|Number of available HbA1c samples.|
3.2. Maternal and Perinatal Outcome
Pregnancy outcome of the total study population and between native and nonnative Dutch women is shown in Table 2. In the total study population, median GA at delivery was 38 weeks; no data of delivery mode was available in one woman because she was referred to another hospital while in labour. Delivery started spontaneously in 75 (27.7%) women, labour was induced in 131 (48.3%), women and a primary Caesarean section (CS) was performed in 65 (24.0%) women. 49 of the 206 women (23.7%) who were planned to deliver vaginally had a secondary CS. The total CS rate was 42.1%. The incidence of CS was significantly higher in native Dutch women as compared to nonnative Dutch women. This difference was caused by a higher incidence of primary CS in native Dutch women with no difference in the incidence of secondary CS between the two groups. The other maternal outcome variables were not different between native and nonnative Dutch women.
|MV: missing values due to inappropriate data of follow-up.|
Perinatal Mortality. 13 perinatal deaths (4.8%) occurred in the total study group, five fetal and eight neonatal deaths (Table 3). Four (31%) deaths were associated with congenital malformations; four (31%) infants died before or at a GA of 25 weeks and the remaining five (38%) deaths were due to infection (), premature rupture of the membranes (), tension pneumothorax (), or remained unexplained (). No differences in perinatal mortality reflecting maternal ethnicity were found.
|Stillbirth, †neonatal death, PROM: premature rupture of membranes, SGA: small for gestational age (<10th percentile), AGA: appropriate for gestational age, LGA: large for gestational age (>90th percentile).|
Congenital Malformations. Major congenital malformations occurred in 17 (6.3%) infants of the total study population; the incidence in native and nonnative Dutch women was similar. Major congenital malformations involved the cardiovascular system (), the central nervous system (), urogenital system anomalies (), or other structures (). Three of these women were on oral glucose-lowering drugs during the first trimester.
Large for Gestational Age. 85 (31.3%) infants were large for gestational age in the total study population, with no differences between native and nonnative Dutch women.
In contrast to our hypothesis, we showed no differences in pregnancy outcome between native and nonnative Dutch women with pregestational type 2 diabetes, with the exception of a higher CS rate in native Dutch women. However, a high incidence of adverse pregnancy outcomes in the complete group of women with pregestational type 2 diabetes living in the Netherlands was found.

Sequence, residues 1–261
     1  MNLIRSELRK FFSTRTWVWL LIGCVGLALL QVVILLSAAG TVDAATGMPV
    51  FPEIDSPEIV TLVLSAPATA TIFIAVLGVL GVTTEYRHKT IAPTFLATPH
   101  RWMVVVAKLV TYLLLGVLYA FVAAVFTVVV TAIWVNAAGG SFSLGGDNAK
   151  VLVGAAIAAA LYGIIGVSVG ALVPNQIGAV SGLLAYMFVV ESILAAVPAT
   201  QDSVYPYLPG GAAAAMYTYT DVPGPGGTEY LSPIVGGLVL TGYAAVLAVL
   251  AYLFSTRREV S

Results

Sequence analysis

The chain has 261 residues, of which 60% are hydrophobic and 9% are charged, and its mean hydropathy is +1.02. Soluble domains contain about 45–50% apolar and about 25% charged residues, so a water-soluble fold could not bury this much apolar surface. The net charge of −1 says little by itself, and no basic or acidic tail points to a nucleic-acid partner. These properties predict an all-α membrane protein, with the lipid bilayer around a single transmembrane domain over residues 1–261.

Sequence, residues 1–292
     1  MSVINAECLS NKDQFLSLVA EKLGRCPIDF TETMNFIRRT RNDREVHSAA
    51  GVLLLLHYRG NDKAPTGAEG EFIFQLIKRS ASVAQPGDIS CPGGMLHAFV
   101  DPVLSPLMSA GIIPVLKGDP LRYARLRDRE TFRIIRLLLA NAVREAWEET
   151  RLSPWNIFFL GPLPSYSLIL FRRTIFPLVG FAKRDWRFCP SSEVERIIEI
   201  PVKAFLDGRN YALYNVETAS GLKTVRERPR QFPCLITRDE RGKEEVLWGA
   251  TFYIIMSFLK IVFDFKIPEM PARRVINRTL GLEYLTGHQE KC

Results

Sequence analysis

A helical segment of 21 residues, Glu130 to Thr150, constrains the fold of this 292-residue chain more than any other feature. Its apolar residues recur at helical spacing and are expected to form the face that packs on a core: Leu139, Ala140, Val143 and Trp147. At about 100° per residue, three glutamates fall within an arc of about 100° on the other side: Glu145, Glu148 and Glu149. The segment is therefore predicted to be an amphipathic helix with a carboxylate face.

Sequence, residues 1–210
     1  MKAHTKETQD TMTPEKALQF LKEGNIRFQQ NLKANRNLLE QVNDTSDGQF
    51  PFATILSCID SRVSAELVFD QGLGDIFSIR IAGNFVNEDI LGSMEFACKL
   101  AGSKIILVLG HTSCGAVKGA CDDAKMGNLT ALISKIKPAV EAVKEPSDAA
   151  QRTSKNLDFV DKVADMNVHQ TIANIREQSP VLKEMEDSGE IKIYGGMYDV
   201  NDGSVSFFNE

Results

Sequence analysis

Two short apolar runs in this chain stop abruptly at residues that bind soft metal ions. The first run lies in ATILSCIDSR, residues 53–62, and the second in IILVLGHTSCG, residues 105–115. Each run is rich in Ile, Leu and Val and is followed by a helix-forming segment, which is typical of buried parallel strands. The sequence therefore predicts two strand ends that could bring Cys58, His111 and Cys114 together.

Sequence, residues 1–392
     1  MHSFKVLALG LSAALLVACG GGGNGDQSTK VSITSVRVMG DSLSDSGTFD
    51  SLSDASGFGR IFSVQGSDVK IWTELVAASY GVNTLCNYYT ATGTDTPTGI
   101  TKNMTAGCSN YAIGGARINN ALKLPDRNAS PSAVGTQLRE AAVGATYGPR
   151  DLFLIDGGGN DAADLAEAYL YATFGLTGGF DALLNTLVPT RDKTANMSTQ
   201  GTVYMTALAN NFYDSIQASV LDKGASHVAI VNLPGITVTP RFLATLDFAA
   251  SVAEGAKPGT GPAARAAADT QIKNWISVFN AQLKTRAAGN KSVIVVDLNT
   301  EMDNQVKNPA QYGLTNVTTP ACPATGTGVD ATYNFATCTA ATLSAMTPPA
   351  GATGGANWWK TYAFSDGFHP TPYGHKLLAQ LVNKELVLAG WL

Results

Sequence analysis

Pregnancy outcome of women with pregestational type 2 diabetes has been studied before and our results are generally in accordance with those reports [5, 7–9]. According to the results of a study on ethnic differences in perinatal mortality in the Netherlands , we expected that outcome in nonnative women with type 2 diabetes would be poorer as compared to native Dutch women, for example, linked to cultural or knowledge barriers in some ethnic minorities affecting access to and effectiveness of care. However, we did not find significant differences in pregnancy outcome (except for the incidence of CS). These data are in accordance with studies from New Zealand and Europe [14, 15, 20, 21]. In the previous European studies, native Caucasians were compared with a single other group. In the study of Hughes et al. from New Zealand, three main ethnicities (i.e., Polynesian, Asian, and European women) were compared. There are some differences between these studies and ours. Firstly, we included all ethnicities, although the limited group size forced us to treat them statistically as one group. Secondly, none of these studies were truly nationwide, while the hospitals participating in our study were spread throughout the Netherlands. From these studies and from our data, it can be concluded that in a setting of easy access to and compliance with the local health care system, outcome in nonnative women with pregestational type 2 diabetes can be similar to that in native women with pregestational type 2 diabetes. This easy access to care might be positively affected by the fact that medical care, for example, in the Netherlands is fully reimbursed with insurance coverage for basically all inhabitants, resulting in an absence of any financial barriers to receive medical care. Apparently, potential negative effects of slightly poorer glycemic control and later presentation are offset by the care system.